Artificial Intelligence in Presbyopia


AS A FUTURIST IN THE EYECARE space, I am always on the lookout for the latest advancements in technology that could transform the field, my practice, or my patient care. I get to consult with companies about their future innovations and help them see how to bring them to reality. I believe that the future of eye care lies in the integration of emerging technologies, such as artificial intelligence (AI), machine learning, and telemedicine. When I was in optometry school, my optometrist grandfather wrote me a letter stating that the biggest development of his career was pharmaceuticals, and he predicted how my career would be defined by technology.

While AI is not likely to cure presbyopia, it can be used in various ways to aid in the treatment and management of the condition. Here are some ways AI may be used to transform our care of presbyopic patients.

  1. Automated vision testing: AI-powered tools can conduct vision tests that detect presbyopia and measure the degree of vision impairment, angle kappa, and the way in which patients use their vision. These tests can be performed remotely, which can help patients who live in remote or underserved areas or who have mobility issues.
  2. Customized lens design: AI can assist in designing customized lenses for patients with presbyopia. AI can analyze factors such as the patient’s age, eye shape, and prescription, to create lenses that provide optimal vision correction. This includes glasses, contact lenses, and customized intraocular lenses for patients.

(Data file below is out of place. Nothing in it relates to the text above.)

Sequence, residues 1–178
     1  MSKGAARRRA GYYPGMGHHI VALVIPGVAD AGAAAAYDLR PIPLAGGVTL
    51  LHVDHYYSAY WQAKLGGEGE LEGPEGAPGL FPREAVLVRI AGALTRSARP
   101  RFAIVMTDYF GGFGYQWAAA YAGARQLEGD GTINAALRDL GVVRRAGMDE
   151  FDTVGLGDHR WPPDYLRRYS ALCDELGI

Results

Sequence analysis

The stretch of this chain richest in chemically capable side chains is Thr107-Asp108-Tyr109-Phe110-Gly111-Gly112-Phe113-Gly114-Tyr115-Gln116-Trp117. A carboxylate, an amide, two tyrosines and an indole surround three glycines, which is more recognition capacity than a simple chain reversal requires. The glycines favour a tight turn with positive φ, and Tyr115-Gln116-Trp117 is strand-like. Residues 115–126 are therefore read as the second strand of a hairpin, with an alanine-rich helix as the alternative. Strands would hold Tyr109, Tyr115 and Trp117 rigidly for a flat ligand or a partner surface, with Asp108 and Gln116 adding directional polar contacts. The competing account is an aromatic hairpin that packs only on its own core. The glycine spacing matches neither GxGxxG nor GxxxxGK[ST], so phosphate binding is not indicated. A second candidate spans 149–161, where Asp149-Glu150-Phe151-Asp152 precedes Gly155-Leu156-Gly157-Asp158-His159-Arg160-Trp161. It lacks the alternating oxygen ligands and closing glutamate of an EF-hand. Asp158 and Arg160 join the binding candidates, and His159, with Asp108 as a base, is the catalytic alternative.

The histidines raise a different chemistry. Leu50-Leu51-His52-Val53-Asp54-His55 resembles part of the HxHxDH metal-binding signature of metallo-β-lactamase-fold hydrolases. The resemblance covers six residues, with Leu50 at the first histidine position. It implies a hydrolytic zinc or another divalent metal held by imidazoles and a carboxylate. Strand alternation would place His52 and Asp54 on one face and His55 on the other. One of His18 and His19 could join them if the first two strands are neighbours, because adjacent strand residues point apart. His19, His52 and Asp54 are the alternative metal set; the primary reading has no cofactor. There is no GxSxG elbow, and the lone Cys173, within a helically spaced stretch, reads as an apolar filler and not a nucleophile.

3. Augmented reality (AR) glasses: AR glasses can be programmed to provide augmented vision that helps patients see better. It’s likely this technology will really explode for low-vision patients, but eventually it will be used to help people with presbyopia to see better. AI algorithms can analyze the wearer’s eye movements and create a customized view that enhances the focus on nearby objects.
  4. Telemedicine: AI-powered telemedicine platforms can provide remote consultations and follow-ups for patients with presbyopia. Patients can consult with their doctors and receive advice about vision exercises, medication, or surgery options.

AI will not be a cure for presbyopia, but it has the potential to revolutionize the way eyecare providers diagnose, treat, and manage the condition. Automated vision testing, customized lens design, AR glasses, and telemedicine are just a few examples of how I believe that AI can be used to enhance the care we provide to presbyopic patients. As someone looking to the future of the eyecare space, I believe that we must continue to explore and integrate emerging technologies like AI to make our practices more efficient, but more importantly, to provide the best possible care to our patients.

By embracing innovation and collaboration, we can work toward a future where presbyopia and other eye conditions can be managed more effectively and efficiently, improving the quality of life for millions of people around the world. ■

Thanks to AI for its help in crafting certain portions of this article.